A former Yale University soccer coach has been sentenced to five months in jail for his involvement in a college admissions scandal, despite his work with investigators to uncover the sweeping scheme.
Rudy Meredith pleaded guilty to wire fraud in March 2019, for accepting bribes amounting to hundreds of thousands of dollars to help potential students get in to Yale as purported soccer recruits – including, in one case, someone who did not even play soccer, prosecutors argued.
Meredith was the head coach for the Connecticut Ivy League university’s women’s soccer team from 1995 to 2018. He was sentenced in a Boston federal court on Wednesday to five months behind bars, one year probation and nearly $570,000 in fines and forfeitures.
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Prosecutors and defense attorneys recommended no jail time other than the single day he had already served. But U.S. District Court Judge Mark Wolf ruled that he “betrayed” the victims, other Yale soccer team athletes, by cheating them out of playing for a better team, and potential students who were cheated out of a chance to play.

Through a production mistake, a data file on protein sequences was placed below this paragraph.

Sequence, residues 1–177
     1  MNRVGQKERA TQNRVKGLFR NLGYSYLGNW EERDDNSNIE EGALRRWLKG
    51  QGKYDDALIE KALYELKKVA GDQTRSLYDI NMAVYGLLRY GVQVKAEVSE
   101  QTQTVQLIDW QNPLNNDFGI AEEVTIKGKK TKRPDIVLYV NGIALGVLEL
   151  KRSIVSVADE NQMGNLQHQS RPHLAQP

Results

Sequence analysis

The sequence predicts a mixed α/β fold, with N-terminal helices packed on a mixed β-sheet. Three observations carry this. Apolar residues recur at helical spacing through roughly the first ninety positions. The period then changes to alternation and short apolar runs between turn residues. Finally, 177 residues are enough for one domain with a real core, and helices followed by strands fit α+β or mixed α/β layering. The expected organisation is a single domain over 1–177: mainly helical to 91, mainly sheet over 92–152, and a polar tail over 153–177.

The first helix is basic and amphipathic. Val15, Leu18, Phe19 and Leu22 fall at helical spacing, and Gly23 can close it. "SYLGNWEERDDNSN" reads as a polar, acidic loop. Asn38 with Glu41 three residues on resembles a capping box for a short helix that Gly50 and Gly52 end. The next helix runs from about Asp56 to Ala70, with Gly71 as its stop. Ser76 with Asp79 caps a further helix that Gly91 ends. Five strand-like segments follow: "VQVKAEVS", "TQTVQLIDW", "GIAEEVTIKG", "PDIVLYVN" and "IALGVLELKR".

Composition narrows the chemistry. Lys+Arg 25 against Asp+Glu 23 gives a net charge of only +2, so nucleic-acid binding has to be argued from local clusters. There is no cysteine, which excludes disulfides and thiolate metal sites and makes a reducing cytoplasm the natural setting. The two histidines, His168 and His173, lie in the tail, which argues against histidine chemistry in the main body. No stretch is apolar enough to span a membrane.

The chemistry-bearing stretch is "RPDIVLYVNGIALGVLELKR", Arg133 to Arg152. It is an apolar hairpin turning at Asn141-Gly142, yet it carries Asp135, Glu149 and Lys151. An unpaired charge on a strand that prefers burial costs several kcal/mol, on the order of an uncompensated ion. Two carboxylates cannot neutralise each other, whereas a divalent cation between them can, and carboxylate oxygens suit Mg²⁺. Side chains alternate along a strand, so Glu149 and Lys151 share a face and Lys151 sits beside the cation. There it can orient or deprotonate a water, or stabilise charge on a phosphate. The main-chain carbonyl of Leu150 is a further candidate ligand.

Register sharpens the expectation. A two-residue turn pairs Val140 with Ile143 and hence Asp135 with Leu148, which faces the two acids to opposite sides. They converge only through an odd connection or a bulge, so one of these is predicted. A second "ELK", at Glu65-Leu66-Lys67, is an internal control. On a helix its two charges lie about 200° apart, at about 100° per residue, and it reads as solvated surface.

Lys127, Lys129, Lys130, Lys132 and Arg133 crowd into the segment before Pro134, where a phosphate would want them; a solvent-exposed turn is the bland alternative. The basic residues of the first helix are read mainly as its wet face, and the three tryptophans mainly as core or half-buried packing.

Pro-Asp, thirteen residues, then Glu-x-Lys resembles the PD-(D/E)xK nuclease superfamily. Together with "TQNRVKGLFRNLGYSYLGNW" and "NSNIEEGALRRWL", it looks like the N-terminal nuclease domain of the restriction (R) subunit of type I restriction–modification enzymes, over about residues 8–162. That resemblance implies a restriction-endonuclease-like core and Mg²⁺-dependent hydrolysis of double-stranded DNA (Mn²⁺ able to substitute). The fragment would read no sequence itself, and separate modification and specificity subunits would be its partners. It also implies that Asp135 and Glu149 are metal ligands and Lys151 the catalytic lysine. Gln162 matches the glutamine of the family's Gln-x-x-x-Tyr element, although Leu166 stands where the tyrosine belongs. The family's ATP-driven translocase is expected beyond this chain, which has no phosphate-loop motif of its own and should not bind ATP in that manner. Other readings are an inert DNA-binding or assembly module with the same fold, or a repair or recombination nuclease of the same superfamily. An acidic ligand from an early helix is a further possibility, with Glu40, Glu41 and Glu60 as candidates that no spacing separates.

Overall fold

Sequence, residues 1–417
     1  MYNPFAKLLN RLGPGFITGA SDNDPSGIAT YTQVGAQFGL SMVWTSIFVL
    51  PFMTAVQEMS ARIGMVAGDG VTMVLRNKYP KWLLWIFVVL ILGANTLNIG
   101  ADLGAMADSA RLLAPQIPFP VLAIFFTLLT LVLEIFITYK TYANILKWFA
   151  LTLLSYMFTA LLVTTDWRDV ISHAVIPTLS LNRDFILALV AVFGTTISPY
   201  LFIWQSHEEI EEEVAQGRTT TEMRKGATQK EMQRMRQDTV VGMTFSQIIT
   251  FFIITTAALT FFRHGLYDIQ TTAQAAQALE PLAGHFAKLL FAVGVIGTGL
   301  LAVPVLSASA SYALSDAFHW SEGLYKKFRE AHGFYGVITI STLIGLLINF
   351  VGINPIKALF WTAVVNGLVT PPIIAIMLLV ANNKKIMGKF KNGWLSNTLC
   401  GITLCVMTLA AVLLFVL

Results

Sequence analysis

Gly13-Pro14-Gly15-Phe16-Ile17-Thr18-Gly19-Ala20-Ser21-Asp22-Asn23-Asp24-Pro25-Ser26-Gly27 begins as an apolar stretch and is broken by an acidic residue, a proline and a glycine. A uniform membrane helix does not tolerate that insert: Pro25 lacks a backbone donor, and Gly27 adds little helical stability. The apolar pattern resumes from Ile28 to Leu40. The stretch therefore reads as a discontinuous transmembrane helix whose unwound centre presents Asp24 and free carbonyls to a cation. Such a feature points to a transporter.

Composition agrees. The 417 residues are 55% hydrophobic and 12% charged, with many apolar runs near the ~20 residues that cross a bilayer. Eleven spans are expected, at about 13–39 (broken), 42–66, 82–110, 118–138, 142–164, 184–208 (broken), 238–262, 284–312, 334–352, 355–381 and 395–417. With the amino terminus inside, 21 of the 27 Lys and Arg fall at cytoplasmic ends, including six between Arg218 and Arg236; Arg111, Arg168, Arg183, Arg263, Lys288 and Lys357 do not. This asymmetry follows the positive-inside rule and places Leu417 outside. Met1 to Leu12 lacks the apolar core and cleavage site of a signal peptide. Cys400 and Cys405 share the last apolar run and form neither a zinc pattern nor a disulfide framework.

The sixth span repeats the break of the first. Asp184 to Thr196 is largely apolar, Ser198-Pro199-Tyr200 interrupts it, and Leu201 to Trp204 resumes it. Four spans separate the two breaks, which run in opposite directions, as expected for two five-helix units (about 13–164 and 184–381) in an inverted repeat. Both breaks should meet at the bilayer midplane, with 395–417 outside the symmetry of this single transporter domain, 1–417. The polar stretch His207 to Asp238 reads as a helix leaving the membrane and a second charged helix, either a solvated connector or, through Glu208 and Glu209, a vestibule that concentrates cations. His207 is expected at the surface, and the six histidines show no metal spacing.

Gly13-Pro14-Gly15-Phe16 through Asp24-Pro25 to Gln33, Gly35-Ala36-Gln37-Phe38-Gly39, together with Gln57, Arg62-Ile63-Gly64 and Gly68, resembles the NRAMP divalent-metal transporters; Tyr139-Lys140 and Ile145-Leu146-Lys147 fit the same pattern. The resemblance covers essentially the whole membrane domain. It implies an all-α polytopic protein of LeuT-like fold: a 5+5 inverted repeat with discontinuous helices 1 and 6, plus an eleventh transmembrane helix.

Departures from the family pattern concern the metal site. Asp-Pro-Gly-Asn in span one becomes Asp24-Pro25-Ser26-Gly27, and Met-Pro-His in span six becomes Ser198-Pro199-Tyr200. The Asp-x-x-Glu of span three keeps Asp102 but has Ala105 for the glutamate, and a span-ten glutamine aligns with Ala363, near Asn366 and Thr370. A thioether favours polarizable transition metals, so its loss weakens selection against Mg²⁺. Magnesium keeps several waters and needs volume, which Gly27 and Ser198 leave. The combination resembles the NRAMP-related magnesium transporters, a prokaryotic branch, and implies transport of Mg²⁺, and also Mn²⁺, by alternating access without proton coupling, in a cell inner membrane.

“You committed a very serious crime and you didn’t have to do it,” Wolf told Meredith.
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With a shaky voice, Meredith apologized to the court and acknowledged that he allowed his own greed to destroy his career and his reputation.
“It’s all my fault and I am going to pay for this for the rest of my life,” he told the court.
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Meredith worked with investigators in April 2018 to ultimately foil the plot, nicknamed “Operation Varsity Blues,” which was carried out by ringleader William “Rick” Singer.
Prosecutors said Meredith led investigators to Singer, and he allowed them to record him seeking $450,000 from a father willing to pay for his daughter to be accepted to Yale as a purported athlete.
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If not for his “truthful, complete and reliable” cooperation, Wolf said he could have spent several years in prison.
The Associated Press contributed to this report.